Mr. Gronych predicted only a slow recovery in demand in the first half of this year. But prospects would change substantially for the worse in the event of a war in Iraq. “There will be an immediate negative effect on private consumption and investment,” Mr. Gronych said.
The threat of conflict in the Middle East has already pushed up crude oil prices which in turn have been increasing prices of pigments, resins and other oil-based raw materials for ink producers. Hence, in the short term, there is a prospect of a further squeeze on margins in the ink sector.
At the same time printers are finding that a combination of poor demand and overcapacity is continuing to hit their profits, making it more difficult for them to accept higher prices from their suppliers.
If the war in Iraq is short, pressure on raw material costs should ease considerably later in the year, while the European economies should be revived relatively quickly.
“From the experience of the Gulf War in 1991, there will be a pronounced retrenchment in demand and production for two quarters, after which there will be a recovery sparked by the catch-up effect,” said Mr. Gronych. Nonetheless, he predicts that growth in output in the chemicals sector for the whole year will slip to 2.7 percent.
Advertising Makes Slight Gains
While predictions for chemicals suppliers to the ink sector have been getting grimmer, analysts have been more optimistic about expectations for some end-user markets served by the printing sector.
The advertising sector, which is a major influence on printing output in publishing, has been depressed for well over a year. But now advertising agencies and media groups are claiming they are seeing a glimmer of a revival.
News Corporation, a leading newspaper publisher in the U.K., reported a 6 percent rise in advertising in its papers in the country in the fourth quarter of last year.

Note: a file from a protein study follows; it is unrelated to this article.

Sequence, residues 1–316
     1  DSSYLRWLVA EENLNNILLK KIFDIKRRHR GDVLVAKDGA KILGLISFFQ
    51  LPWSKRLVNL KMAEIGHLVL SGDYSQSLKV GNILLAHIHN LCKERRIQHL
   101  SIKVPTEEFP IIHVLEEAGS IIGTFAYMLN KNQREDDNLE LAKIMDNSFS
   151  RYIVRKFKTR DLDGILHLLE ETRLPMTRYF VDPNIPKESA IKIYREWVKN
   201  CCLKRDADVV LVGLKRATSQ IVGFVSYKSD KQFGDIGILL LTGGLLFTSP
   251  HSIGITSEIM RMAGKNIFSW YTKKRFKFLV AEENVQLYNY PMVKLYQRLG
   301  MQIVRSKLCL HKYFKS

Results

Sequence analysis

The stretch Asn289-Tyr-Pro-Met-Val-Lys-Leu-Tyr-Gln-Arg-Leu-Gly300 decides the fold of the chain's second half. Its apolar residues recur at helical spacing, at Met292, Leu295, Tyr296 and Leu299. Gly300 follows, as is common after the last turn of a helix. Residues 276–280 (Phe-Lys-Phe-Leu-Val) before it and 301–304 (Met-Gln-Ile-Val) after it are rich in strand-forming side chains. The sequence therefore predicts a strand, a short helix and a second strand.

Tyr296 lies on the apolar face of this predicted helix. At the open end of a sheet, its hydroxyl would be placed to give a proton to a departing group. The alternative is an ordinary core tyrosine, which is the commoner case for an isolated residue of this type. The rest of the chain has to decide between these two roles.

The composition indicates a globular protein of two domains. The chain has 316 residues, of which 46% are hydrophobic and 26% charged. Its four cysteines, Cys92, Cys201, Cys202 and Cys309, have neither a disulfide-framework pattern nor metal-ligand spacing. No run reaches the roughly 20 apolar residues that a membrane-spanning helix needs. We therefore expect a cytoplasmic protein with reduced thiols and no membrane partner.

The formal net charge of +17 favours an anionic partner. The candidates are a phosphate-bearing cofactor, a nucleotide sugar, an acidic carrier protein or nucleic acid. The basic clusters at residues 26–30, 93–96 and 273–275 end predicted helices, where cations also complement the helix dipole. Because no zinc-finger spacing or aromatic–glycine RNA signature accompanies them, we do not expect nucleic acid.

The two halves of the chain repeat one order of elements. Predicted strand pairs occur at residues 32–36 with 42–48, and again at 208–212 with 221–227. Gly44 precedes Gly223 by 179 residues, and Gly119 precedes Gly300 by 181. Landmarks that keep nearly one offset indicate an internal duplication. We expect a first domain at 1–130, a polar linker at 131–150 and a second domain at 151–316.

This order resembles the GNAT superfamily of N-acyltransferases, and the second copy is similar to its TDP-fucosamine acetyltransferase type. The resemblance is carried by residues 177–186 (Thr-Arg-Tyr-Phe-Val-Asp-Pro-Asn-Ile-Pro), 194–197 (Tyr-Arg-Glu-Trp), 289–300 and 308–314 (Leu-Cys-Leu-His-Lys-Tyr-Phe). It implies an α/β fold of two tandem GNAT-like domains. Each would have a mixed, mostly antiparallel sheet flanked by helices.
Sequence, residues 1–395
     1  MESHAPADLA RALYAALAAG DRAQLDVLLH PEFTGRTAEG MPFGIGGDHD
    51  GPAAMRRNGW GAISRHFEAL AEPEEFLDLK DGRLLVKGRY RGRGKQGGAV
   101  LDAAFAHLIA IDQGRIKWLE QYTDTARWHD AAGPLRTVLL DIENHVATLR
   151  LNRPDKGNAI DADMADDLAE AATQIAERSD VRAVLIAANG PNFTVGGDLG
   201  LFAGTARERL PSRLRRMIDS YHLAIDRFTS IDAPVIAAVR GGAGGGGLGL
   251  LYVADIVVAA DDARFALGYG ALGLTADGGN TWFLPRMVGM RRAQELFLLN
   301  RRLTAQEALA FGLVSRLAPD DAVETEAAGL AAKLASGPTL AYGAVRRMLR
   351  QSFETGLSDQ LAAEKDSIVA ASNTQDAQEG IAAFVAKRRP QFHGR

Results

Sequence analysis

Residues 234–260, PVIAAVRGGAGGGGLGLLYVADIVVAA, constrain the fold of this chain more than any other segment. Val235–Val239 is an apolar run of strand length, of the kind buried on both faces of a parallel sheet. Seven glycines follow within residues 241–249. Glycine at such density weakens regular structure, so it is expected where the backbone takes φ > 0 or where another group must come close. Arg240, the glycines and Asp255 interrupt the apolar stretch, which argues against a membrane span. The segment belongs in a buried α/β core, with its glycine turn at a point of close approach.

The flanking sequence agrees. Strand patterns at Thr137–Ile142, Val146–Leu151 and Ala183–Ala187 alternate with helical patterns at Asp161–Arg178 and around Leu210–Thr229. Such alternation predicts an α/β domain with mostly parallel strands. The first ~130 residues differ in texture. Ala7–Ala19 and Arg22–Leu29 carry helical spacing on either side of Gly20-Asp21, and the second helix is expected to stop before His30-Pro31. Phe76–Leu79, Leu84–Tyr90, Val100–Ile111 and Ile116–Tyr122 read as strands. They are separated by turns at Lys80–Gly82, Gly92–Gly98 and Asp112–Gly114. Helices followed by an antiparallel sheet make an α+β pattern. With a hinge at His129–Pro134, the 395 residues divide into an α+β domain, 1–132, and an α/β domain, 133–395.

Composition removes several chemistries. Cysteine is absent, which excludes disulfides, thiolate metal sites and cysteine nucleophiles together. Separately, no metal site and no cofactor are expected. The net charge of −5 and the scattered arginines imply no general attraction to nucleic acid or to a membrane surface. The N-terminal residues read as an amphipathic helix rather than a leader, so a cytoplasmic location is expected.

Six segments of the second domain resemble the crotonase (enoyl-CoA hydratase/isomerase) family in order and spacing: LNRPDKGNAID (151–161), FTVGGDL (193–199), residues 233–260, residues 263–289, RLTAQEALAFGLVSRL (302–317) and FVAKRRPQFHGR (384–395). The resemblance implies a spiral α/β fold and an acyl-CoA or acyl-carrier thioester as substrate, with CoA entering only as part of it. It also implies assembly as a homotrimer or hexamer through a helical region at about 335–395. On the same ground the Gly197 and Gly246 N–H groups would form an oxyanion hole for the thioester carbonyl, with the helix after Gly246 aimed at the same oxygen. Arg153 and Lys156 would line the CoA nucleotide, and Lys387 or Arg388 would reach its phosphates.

JC Decaux, Europe’s largest outdoor advertising group, recorded a 3 percent rise in sales in the last quarter, although Jean-Charles Decaux, the company’s chairman, warned that market conditions in the early part of 2003 would be “challenging.”
Some top media executives in Europe are still stressing that advertising revenues are unlikely to return to their pre-slump levels until next year at the earliest.
However, the decline in ad spending at least seems to have bottomed out in many European countries. In its latest quarterly survey of marketing budgets, the Institute of Practitioners in Advertising (IPA) in the U.K., which is one of Europe’s largest advertising markets, found a continued fall in planning spending but also a levelling out of the downward curve.
Furthermore, budgets for the whole of 2003 indicated a growth in expenditure, with twice as many companies reporting an increase in budgeted spending as those that reported a decrease.
Expenditure on direct marketing will be rising even faster, with three times as many U.K. companies reporting an increase in their marketing budgets over the current year than a cut. In sharp contrast to the trend in advertising spending, budgeted expenditure in the fourth quarter on direct marketing went up for the fifth quarter in succession.
Printers have been taking advantage of the dynamism in European direct marketing by setting themselves up as full-service specialists in direct mail, which has been opening up opportunities for ink suppliers to broaden their product offering.
Instead of just providing the leaflets or brochures for direct-mail campaigns, printers are also doing the printing work for the envelopes, running databases for customers and running the mailing.
“They are providing a full service, and we are able to provide a full service to them by supplying them with sheetfed offset inks for the printing of the brochures and flexo inks for the envelopes,” said Wim van Maastricht, sales and marketing manager at Van Son, Netherlands.